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postpones mm case.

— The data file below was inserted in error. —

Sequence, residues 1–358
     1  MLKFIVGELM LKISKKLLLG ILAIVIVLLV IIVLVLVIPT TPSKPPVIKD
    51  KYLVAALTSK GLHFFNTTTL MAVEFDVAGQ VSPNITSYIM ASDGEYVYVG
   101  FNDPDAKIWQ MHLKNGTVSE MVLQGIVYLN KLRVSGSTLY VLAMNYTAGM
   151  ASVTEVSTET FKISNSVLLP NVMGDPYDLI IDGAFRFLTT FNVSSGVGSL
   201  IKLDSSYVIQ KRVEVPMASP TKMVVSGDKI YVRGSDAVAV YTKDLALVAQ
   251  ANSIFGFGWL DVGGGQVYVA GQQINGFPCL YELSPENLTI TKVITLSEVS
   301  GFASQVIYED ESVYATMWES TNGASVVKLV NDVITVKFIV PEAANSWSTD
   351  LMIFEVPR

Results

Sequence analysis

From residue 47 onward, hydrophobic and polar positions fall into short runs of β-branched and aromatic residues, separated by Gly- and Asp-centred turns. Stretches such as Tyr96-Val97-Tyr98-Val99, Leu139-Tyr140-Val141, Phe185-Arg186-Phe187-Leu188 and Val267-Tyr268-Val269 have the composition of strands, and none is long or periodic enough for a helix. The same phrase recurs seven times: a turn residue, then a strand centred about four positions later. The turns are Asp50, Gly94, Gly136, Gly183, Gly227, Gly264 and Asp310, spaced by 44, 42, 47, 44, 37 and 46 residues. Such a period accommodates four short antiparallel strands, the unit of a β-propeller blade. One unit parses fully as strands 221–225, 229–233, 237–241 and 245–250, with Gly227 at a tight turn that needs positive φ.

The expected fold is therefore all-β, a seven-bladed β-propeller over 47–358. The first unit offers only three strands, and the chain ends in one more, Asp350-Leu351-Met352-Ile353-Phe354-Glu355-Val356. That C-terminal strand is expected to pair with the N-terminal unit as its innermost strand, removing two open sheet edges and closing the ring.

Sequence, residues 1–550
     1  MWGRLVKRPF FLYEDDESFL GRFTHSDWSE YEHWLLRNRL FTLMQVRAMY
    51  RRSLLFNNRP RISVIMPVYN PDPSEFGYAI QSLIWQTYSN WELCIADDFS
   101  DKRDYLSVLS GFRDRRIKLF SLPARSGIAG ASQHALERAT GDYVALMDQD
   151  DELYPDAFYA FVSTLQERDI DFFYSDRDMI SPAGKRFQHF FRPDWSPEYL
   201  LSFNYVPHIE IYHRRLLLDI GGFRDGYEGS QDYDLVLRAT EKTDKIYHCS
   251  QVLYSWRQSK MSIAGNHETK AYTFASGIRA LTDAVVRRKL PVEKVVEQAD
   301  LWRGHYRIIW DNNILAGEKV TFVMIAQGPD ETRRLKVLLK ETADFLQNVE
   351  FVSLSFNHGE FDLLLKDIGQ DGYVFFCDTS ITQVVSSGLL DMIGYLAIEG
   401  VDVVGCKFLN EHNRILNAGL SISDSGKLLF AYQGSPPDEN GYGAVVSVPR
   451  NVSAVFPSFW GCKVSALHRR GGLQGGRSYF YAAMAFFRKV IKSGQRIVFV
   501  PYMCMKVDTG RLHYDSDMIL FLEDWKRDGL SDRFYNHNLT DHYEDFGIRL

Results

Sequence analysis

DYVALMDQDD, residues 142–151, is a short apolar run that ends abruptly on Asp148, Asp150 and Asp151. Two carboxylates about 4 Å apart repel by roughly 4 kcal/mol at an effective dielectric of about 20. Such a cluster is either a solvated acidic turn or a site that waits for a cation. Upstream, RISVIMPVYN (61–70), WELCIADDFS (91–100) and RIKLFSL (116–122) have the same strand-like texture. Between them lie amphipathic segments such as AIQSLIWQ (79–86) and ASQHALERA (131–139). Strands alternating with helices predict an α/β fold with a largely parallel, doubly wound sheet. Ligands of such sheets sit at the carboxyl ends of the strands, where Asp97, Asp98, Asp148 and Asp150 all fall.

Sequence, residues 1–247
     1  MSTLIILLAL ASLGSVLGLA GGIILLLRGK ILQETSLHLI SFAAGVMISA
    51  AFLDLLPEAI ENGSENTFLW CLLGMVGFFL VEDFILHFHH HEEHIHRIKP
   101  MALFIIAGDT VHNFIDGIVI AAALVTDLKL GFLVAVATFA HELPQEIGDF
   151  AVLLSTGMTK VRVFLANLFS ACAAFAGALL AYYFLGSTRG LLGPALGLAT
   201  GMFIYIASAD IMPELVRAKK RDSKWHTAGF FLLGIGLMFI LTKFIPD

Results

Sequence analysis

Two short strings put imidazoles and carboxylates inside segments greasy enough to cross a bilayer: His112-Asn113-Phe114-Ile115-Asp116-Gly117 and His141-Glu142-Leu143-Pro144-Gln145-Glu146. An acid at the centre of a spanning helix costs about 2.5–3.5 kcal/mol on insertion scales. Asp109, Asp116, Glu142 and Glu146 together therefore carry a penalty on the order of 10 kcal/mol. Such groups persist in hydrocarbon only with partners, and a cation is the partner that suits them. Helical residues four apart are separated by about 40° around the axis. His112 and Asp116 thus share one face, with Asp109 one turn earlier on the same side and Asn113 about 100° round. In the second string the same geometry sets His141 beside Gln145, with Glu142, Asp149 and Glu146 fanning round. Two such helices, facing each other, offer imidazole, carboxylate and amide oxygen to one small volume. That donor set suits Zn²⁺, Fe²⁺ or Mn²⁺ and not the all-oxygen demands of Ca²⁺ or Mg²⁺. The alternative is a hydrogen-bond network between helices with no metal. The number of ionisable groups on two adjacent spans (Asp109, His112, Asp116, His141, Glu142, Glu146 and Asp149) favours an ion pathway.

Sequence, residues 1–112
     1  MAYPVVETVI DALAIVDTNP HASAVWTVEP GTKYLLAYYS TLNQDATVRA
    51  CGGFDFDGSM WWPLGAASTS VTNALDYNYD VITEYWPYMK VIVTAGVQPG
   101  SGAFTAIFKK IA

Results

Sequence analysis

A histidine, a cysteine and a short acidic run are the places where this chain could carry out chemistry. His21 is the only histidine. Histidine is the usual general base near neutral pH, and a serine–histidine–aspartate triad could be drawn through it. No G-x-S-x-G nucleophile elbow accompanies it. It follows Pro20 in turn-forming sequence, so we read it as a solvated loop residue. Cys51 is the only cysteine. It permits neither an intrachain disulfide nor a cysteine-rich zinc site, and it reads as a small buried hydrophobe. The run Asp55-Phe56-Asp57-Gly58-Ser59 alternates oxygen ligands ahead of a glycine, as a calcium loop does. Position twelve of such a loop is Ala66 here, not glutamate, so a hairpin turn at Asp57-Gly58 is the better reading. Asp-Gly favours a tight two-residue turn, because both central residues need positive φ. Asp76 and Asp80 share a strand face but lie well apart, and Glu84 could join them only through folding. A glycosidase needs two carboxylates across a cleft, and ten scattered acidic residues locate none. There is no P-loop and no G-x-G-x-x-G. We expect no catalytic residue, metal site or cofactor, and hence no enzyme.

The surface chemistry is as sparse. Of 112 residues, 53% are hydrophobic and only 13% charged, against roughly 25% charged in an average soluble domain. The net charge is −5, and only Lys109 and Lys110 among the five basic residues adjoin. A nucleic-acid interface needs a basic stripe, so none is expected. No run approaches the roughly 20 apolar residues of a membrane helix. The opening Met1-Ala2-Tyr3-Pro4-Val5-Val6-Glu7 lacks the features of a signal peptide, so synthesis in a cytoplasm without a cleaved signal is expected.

SETTLEMENT WOULD BE UNPOP? ULAR JUST NOW. ? - A neon* Note Stint up Teutonic People and Recall of German Attache* Adda to Anger. f - Washington. Dec. 21.?Full settle? ment of the Lusitania case, including reparation for the lives of the Ameri? can victims, which it became known today recently was near, has been postponed by the dismissal of the German naval and military attaches and the American demands on Aus? tria-Hungary as a result of the sink? ing of the Ancona. Consideration of the state of pub? lic opinion in Germany because of these two acts of the American gov? ernment, according to reliable in? formation received here, has caused officials in Berlin to decide that such settlement as might be satisfactory to the United States would not now meet with popular approval In Germany. An agreement, it was said, practi? cally waa reached soon after the American note to Great Britain pro? testing against Interference with neu? tral trade had been published In Ger? many. The note, It is said, created a remarkable pro-American sentiment throughout Germany. At that time, it la said, public opinion would have approved receding a bit, making a set? tlement of the controversy possible. Negotiations between Secretary Lan? sing and Count Bemstorff, the Ger? man ambassador, were progressing when the United States demanded the withdrawal of Capt. Boy-Ed and Capt. ?on Papen. This act, according to ad? vices here, caused German opinion to swing back to resentment of the ac? tion of the United States. The demands upon Austria and the vigorous terms in which the first note wss couched next attracted adverse criticism in Germany, and the resent? ment, started by the request for the recalls, Is described as having in? creased materially. To recede even a trifle at this time, Berlin officials are said to believe, would bring a storm of public disap? proval and furnish the opposition to the government with grounds for criti? cism. Officials now believe that at some time In the future, when public opinion again Is more favor? able to the United States, concessions may be mado by Germany. German officials are said to be con? vinced that an Indemnity for the Americans lost on the Lusitania and something In the nature of a disavowal will he the only measures to satisfy the United States. They also are said to feel that the only disavowal which could be given was the promise not to repeat such an act, which had al? ready been given. Just how near was an actual agree? ment before the dismissal of the at? taches may never be known. The Ger? man ambassador and Secretary Lan? sing have a mutual agreement not to discuss the negotiations In any way. It is believed, however, that the am? bassador was about to make or had made some sort of a proposal, which might have met with the full or par? tial approval of the United States. A number of propositions had been submitted by both sides at various stages of negotlationa The statement that the negotiations havs been delayed for the time is strengthened by the fact that Secre? tary Lansing has not discussed the Lusitania ease wP.h Count Von Bem? storff since the request for the recall of the attaches beeame public. Fi r thermore, no communications upon the subject have passed between the secretary and the ambassador. VETERAN* SEEKS INFORMATION. Member of Garden's Battery Wishes to Communh-ato With Old Comrades. Editor Da tern: I was i rlvate In Garden s Bat? tery, Hask I] Battalion, A N. V., en? listed In s battery In January, 1864 at Lindas ?atlon. Vs. The l attery was mad* p in Chesterfield and Sum ter dlatr I surrendered with the battery A ^rll S, 186.r> at Appomattox court ' -use, Virginia. I am now nearl> blind and have not much of this v rld's goods. It may be neces? sary t* me to go to n soldiers' home, but m order to do so I will have to have two affidavits to establish my service. I remember Conrad Coli? stine. John and Hugh Scott, the Reed's, Scarborough*. Francis FlSSU er, Haynsworths and others. Will you please publish this In y < >u r paper in order that the boys may see it and write me, also send a copy ol paper. Respectfully. J. A. Clark or Jim Clark. Burr Oak, Kan.. Dec. 14, I til, l*lttsburg Bank Failure. Plttsburg, Dec. 22.?Then was rauch excitement among depositors this morning when the Ptttahurg Bank for Savings, one of the city's Isrgsst savings Institutions, failed to open. TRIES TO END TROUBLE. ZW1EDINEK SKEKS TO SETTLE AUSTRO-AMERICAN IMAPSSE. Follows Plan Of Bernstorlf in Conner - tion With Controversy Over Subma? rine Wnrfure. Washington, Dec. 21.?Pending re? ceipt of Austria-Hungary's reply to the second American note regarding the sinking of the Italian steamship Ancona, Baron Erich Zwicdinek, charge of the Austro-Hungarian em? bassy, is conducting r- forming a basis to conduct informal negotiations with Secretary Lansing, looking to? wards an amicable settlement of con? troversy. An intimation to that ef? fect was received from the statement today after tho charge had confer? red at some length with the secretary. ] It is understood Baron Zwiedinek is attempting negotiations similar to J those conducted by Count von Eern storff, the German ambassador, fol? lowing the sinking of the Arabic. It Is considered improbable, however, that such negotiations can develop to an Important stage until after the re? ceipt of the next formal communica? tion from Austria-Hungary which is expected some time within the next week. Just what authority Baron Zwle dlnek has been given by his govern-r ment has not been made known. It was recalled today that relations be? tween the United States and Germany were seriously strained when the Ger? man ambassador was given virtually a free hand to conduct the negotia? tions. In some official quarters the belief prevails that it was the negotia? tions conducted by Count von Uern storff which prevented the si I ation from becoming even more itofiO\M than it at one time admittedly was. Baron Zwledlnek now is virtually In the same position as the German ambassador then found himself, and It is thought in some circles that the baron might accomplish more than could be accomplished by direct ne? gotiations between Washington and Vienna. Neither Secretary Lansing nor Bar? on Zwledlnek would discuss their con? ference today, it having been agreed that beyond allowing it to be known tha* the Ancona case was under dis? cussion the matter should be regarded as confidential. Word of the receipt In Vienna of the second American note had not been received at the state department tonight. However, the communication was started over the cables Sunday after? noon to Ambassador Penfield. Nor? mally 36 hours is sufficient for a diplomatic cable message to reach Vienna, consequently Ambassador Penfield should have received the note some time today and it should reach the minister of foreign affairs to? morrow. STORES LACK PROTECTION. Shortage of Men for Guard Duty Worries Officials of Wur and Navy Departments. Washington, Dec. 20.?Navy de? partment officials it was learned to? day are seriously concerned over the inadequacy of the forcos available to guard navy yards, arsenals and other places where navy equipment is manufactured or stored. With a large part of the marine corps on ex? peditionary duty in Haiti and on the Mexican coast, guards at the navy plants are said to be hardly a quart? er as strong as officials think they should bo for adequate protection. No more marines or bluejackets can be spared from the fleet, for already tho reserve includes ships which navy officials would prefer to see in full commission. Secretary Daniels has asked congress to provide for 7,500 additional bluejackets, 2,500 appren? tice seamen and 1,500 marines to meet this condition, but these men will not bo available for a long time. A somewhat similar condition pre? vails In the war department with the bulk of the mobile army stationed along the Mexican border. Guards at army posts and arsenals except such poatl us are housing regular garrisons are few in number and have much government property in their charge. A majority of the coast defense batteries are in charge of caretakers. The annual report of the chief of coast aulllery shows that guns worth $41,000,000 were Without trained forces to man them, either regulars or militia, and In many of the posts in this list only a nominal guard can be maintained. TWO NEGHOEK LYNCHED. Victim* or Mob Were. CI mined With Murder of White Merchant. Macon, Ga., Dec. 20.?Sam Bland gfld WllllS Stewart, negroes, were lynched shortly before midnight to? night a quarter of a mile from East? man, Dodge County, by a mob num? bering approximately two hundred persons. The bodies were then rid? dled with bullets. They were charged with the murder of A, ML Batchellor, 11 e lute merchant VOTES HUGE WAR CREDIT. REICHSTAG PASSES TEN BILLION mark MEASURE. Only Nineteen Socialists Oppose Rill to Supply Sinews for Teutonic Anns. Berlin (via London), Dec. 21.?The reichstag today passed the second and third readings of the war credit of 10,000,000,000 marks which the gov? ernment had requested. Only 19 So? cialists voted in the negative. Before the vote was taken Fried? erich August Karl Geyer read a brief statement on behalf of the Socialist minority, explaining their negative vote, while Friederich Ebert, the So? cialist leader, spoke in behalf of the Socialist majority and announced amid loud applause that this wing of the party would vote "yes." Answering a question of Maj. Ernst Bassermann, National Liberal, Dr. Solf, the colonial secretary, denied that Germany ever intended to at? tack Cape Colony from Southwest Af? rica, as had been asserted by the Cape government. Dr. Solf said this was proved by the fact that Germany had reduced her military forces In the Southwest from 10,000 in 1905 to 2,000. The colonial minister said that the fighting in South Africa was begun by the British and not the Germans. Ho said it was proved in the Cape parlia? ment that the British government had falsified the map in order to make it appear that the first light was on British territory when it really was on German soil. PEACE PARTY SPLIT AGAIN. Norwegians Refuse to Assit While Hungarian Woman is With Ford Peace Party. London, Dec. 22.?The Norwegian peace party declines to have anything to do with the Henry Ford peace ex? pedition, according to dispatches to the London morning papers, as long as Mme. Rosika Schwimmer is con? nected with the movement. Some of the dispatches state that a demand has been made for her expulsion, de? claring that it is impossible to give the movement a neutral appearance while a Hungarian; woman is an ac? tive member. A dispatch to the Mail from Chris tiania states that the managers' of the mission announced today that the Ford party would start for Stockholm Thursday. The dispatch also said Mme. Schwimmer sent out invitations to a hundred prominent business men, bankers and others of Chris tiania to attend- receptions and other functions at the Grand hotel. "This attempt to stir up a sem? blance of interest in tho mission met with no success," tho dispatch de? clares. "The only thing the people want is to see the man who is will? ing to spend $20,000,000 to end the war, but Ford remains in hiding. Fif? teen members of Ford's traveling of? fice staff are to be sent back to the United States tomorrow. "The latest scheme to end the war is r.aid to bo that Ford is to approach armament makers in the belligerent countries and by offering them orders Will seek to induce them to cease turning out equipment for armies." BILL FOR RURAL CREDITS. Work on Measure to Be Introduced in Both 'Houses of Congress Practically Completed. Washington, Dec. 21.?A rural credits bill to be intr^Juced in both houses of congress after the holi? days was virtually completed today by the special joint committee created by the last congress for report at this uossion. Only a few details remain to bo decided. The measure provides for a sys? tem of cooperative local association federated and regional land banks which banks would have the power to issue bonds based on the land mort? gages of the local association. The land banks, 12 in number, would be supervised by the government through a board appointed by ihe president. They would be distributed In accord? ance with the agricultural needs of the country, and would have a com? bined capital stock of not less than $0,000,000. European systems of land mortgage credit have been studied closely by the committee in working out Its scheme. PROTEST BY HOLLAND. Objection to Seizure of Dutch Mail. London, Dec. 21.?A Renter dis? patch from The Hague says: "The foreign ministry announces that mo Netherlands government has sent a protest to the British gov? ernment against the seizure of Dutch mall bags on the steamers Noordam, Prllla and Rotterdam and demanded an immediate return of the mall. The hope was expressed in the protest that the Incidents would not be re? peated." , HYDE FOR LAW AND ORDER. CHARLESTON'S NEW MAYOR MAKES STATEMENT OF HIS POLICY. In Inaugural Address Executive Calls on People of Charleston to Live Un? der Laws of State to Secure Best Commercial Results. Charleston, Dec. 20.?That there must be no compromise with lawless? ness in Charleston during his admin? istration was stressed by Mayor Tris? tram T. Hyde in his inaugural ad adress to the packed galleries and crowded city council chamber today at noon when he and 24 aldermei. elected to serve for the ensuing four years took the oath of office adminis? tered by Recorder Theodore D. Jer "Enforcement of law and the co? operation of our citizens in strong, healthy sentiment in favor of such enforcement, is at the foundation of all moral progress. The strength or weakness of any city is revealed when the veil is withdrawn from the hid? den life," declared the new mayor of Charleston. "If, however we are lawabiding, and can demonstrate that condition as a real fact. Then and only then can we have a chance for a patient hear? ing by our lawmakers as to any de? sired change," he continued. "We must face all of the laws as we find them, and enforce them until others can be secured which may better suit our local conditions. "Let me beg you therefore to re? member that we can never prosper commercially, as far as our relations to our own State are concerned, and we can never have the influence we should have in Soutn Carolina, until we agree to live under the laws made by our legislature for the whole State. We must let it be known that we are a part of our State and that we are ready to join hands with all sec? tions of the political, educational, commercial and moral uplift of all of our people." On the rostrum were Mayor Grace, who opened the meeting of city coun? cil, Maj. Hyde and Recorder Jervey. As soon as Maj. Hyde took the oath and became formally the chief execu? tive of the city of Charleston, Mr. Grace handed him the keys to the mayor's office and left the chamber. Applause broke out as the mayor and the ex-mayor exchanged greetings. Following the administration of the oath to Mayor Hyde, the 24 alder? men-elect came forward, four at a time, and took the oath from the mayor, completing the essentials of the induction ceremonials. There was a capacity attendance upon the cemeronials of today, which Instituted a new administration. Per? fect order prevailed, and the pro? gramme of installation proceeded smoothly and impressively. The mayor, the mayor-elect and aldermen elect assembled in the city court room shortly before the hour of noon, and at the stroke of 12 marched into council chamber. Recorder Jervey, with Mayor Grace on his left and Mayor-elect Hyde on his right, head? ed the line. Promptly the officials took their seats and Mayor Grace rapped lor order. He instructed Clerk of Council Barbot to read the election returns. At 12.10 o'clock the clerk read the roll of the new administrative offi? cials. All were present. Mayor Grace then requested Recorder Jer? vey to administer the oath to the mayor-elect. This oath is of two parts, one having to do with qualifi? cation and supporting of the laws of the country and State, and the second part referring to dueling. Mayor Hyde announced the stand? ing committee of council. There are 24 of these committees who perform the detailed work of this govern? mental body. Alderman C. M. Pinckney succeeded himself as chairman of the ways and means committee. Alderman Doug? las was named chairman of the com? mittee on streets. The signal of adjournment proved to be the opening of an informal re? ception by Mayor Hyde, who shook hands with large numbers of his friends who gathered about him and Mrs. Hyde, who sat with friends just within eouncil chamber during the meeting. There were handsome (low? ers upon the mayor's desk, which lent a touch of extra brightness to the occasion, even if the weather out? side lacked sunshine. INDIA'S CHOP SMALL. Cotton Acreage Cut About 23 Per Cent Washington, Dec. 21.?India's cot? ton acreage for the 1915-1G season is only three-quarters of what it was in the 1911-15 season. American Con? sul Smith at Calcutta has sent to the state department the Indian govern? ment's second forecast showing the area to be Hi,253,000 acres against 22,152,000 acres last season. The de? crease is attributed chiefly to the low prices obtained for cotton List sea? son. The crop is reported on the Thole fair to good. AGAINST ADVERTISING FRAUDS BICHL AND MEMBER TO INTRO- : J)UCE PENALIZING BILL. State Health Board Favors Measure Wldch Alan John&tone, Jr., is to Offer. Columbia, Dec. 21.?The State board of health will recommend to the legislature the passage of a bill look in? to the fulfillment of the slogan, "Truth," in advertising, which is also one of the goals of the Columbia Ad? vertising club and the Associated Ad? vertising Clubs of the World, which It is affiliated. The bill will be pre? sented by Alan Johnstone, Jr., of the Richland delegation. The proposed statute will be known as the printers' act. Similar measures have already been passed in the fol? lowing States: Louisiana, Connecticut, Indiana, Iowa, Maryland, Massachu? setts, Minnesota, Michigan, Neoraska, New Jersey, New York, North Dakota, Ohio, Oregon, Pennsylvania, Rhode Island, South Dakota, Utah, Washing? ton and Wisconsin. The law in part is as follows: "Any person, firm, corpoiation or association, who, with intent to sell or anywise dispose of merchandise securities, service or anything offered by such persons, etc., directly or in? directly to the public for sale or dis? tribution, or with intent to increase the consumption thereof or to induce in any manner to enter into any obligation relating thereto or to ac? quire title thereto or an interest therein, makes, publishes, dissemi? nates, circulates or places before the public or causes to be made, etc., in this State in a newspaper or other publication or in the form of a book, notice, handbill, poster, bill, circular, pamphlet or letter or In any other way, an advertisement of any sort re? garding merchandise, securities, ser? vices or anything so offered to the public, which advertisement contains an assertion, representation or state? ment of fact which is untrue, decep? tive or misleading, shall be guilty of a misdemeanor." ABIDE BY COURTS ORDER. Governor Says Section Under Which Ho Acted is Declared Unconstitu? tional. Columbia, Dec. 21.?Gov. Manning, after reading the decision of the su? preme court, said: "When I was inaugurated governor last January I took an oath to pre? serve, protect and defend the con? stitution of this State and of the United States. The constitution con? fers upon the supremo court the duty of determining the constitutionality of acts of the legislature. "Section 841 of the code reads: 'Any constable, deputy constable, sheriff or magistrate who shall neglect or re? fuse to perform the duties required by this chapter shall be subject to sus? pension by the governor.' "Acting under this provision I sus? pended the sheriff of Kershaw coun? ty for neglect of duty. The supreme court has held that section 841 of the code is unconstitutional in so far as it relates to the office of sheriff, and I shall do what I expect every other citizen to do, whether as an official or private individual, to respect the decisions of the supreme court and to obey its decrees without question." SHERIFF OF KERSHAW REIN? STATED. State's Highest Tribunal Declares Governor Can't Remove Sheriff. Columbia, Dec. 20.?Declaring that the governor has no power to remove or suspend a sheriff, the supreme court tonight reinstated W. W. Hucka bee to the office of Kershaw county, from which he was suspended several months ago by Gov. Manning for al ? leged failure to enforce the prohibi? tion laws. The decision of the court, which was written by Asociate Justice Hydrick, was unanimous. The court declares that tho statute under which the governor suspended Sheriff Iluckabee and named Isaac C. Hough as his successor is unconstitutional. A CALL TO DUTY. Members of Legislature Requested to 3Ieet Commissioners and Represen? tation of Grand Jury. To the Honorable Members of the Legislative Delegation of Sumter County: Gentlemen: You are hereby re? quested to meet with the County Board of Commissioners on the fourth of next month at noon, to discuss with them a legislative matter pertaining to the proposed question of a new jail for Sumter county. Very respectfully, C. E. Rtubbs, Chairman, Public Buildings Committee, Grand Jury Lynched in Georgia. Eastman, Ga., Dec. 21.?The bullet liddled bodies of Willie Stewart and Samuel Bland, negroes, were found in the woods. The men were taken from jail during Ihc nighl and lynched. ASKS MONEY FOR WEEVIL WAR HOUSTON WOULD PUSH CAM? PAIGN AGAINST PEST. Sea Island District, Invaded for First Time, Requires Special Meth? ods of Treatment. Washington, Dec. 20.?An addi? tional $64,400 to extend the agricul? tural department's campaign against the boll weevil in Southern cotton fields was requested by Secretary Houston in a memorandum sent to congress. The secretary points out that the area infected by the insect had been greatly enlarged in the last year, the sea island districts of Geor? gia and Florida beinr threatened and developing cotton growing industry in Arizona being handicapped by the ap? pearance there of a new form of pest. "Conditions m the sea island dis? tricts," the secretary says in his mem? orandum, "are peculiar and there is every indication that the control of the boll weevil there will require the development of methods somewhat different from those found effective in short staple districts. The sea island varieties develop and mature more slowly than the upland. They are grown on lands where conditions are likely to render the control of the boll weevil more difficult. This situa tion demands special experiment work in regions which became infested for the first time the present year. The States directly involved have urged that the department assist in a cam? paign against the pest in this re? gion.'' BARBAROUS TRAFFIC IN BABIES. Maryland Vice Commission Presents Sensational Report on Disposal of Illegitimate Infants. Baltimore, Dec. 20.?The State-wide vice eommission appointed by Gov. Goldsborough in January, 1913, today made public the results of its inquiry. Probably the most sensational feature dealt with is the alleged traffic in babies. It is asserted that investiga? tors found there are institutions in Baltimore to which the mother of an illegitimate child may consign her off? spring upon the payment of a certain sum and forever rid herself of legal responsibility for it. . , Of the hundreds of children taken by the institution the commission avers that 80 to 90 per cent, die and are buried in heaps in small plots of ground, one such plot approximately 65 feet square having been the tomb of 5,000 babies since 1886. ROLALTY HAD NARROW ES? CAPE. King and Queen Endangered by Bombs Thrown by German Flying Machines. Paris, Dec. 20.?Details of the nar? row escape from death recently of the king and queen of Belgium when German aviators threw bombs on the fishing village where the royal couple now reside, are printed today by The Petit Journal. The king and queen were coming out of church from mass with the rest of the congregation, says the pa? per's correspondent, when six Ger? man aeroplanes appeared, flying low. Apparently they were coming from Ostend. The king at once told the people to scatter and take shelter, but the aeroplanes approached so rapidly that few had time to comply with his instructions before the ma? chines were over the village. Two bombs fell a few yards from the king and queen but they were not hit by the flying fragments. The corre? spondent continues: "This is the fifth air raid which has been absolutely unjustified since the village is unfortifed and is in habitated only by fishermen. What makes it worse is that the aeroplanes came from the section of the German front commanded by the prince of W?rttemberg, first cousin of the Belgian queen." PELLAGRA DEATH RATE. State Bureau Ren* ?ts Over 1,300 Deaths. There were 1,306 deaths from pel? lagra In South Carolina between Jan? uary 1 and October 31 of this year, giving an annual death rate of 81.2 per 100,000 inhabitants, according to figures submitted by the State bu? reau of vital statistics, of which C, Wilson Miller is chief clerk. Accord? ing to color and sex, the death rates and the number of deaths from pel Isgra is as follows: White men 144, rate 8.9; white women 278, rate 17.3; negro men 263, rale 16.4; negro wo? men 621, rate 38.6. EDISON EMPLOYEE SUICIDES. Advertising Manager Takes Dose ot Strychnine. New York, Dec. 21.?-W. C. Andrews, advertising manager of the Edison Storage Battery Company, committed suicide in the Hotel Chelsea, taking strychnine. He lived with his wife and two daughters at East Orange.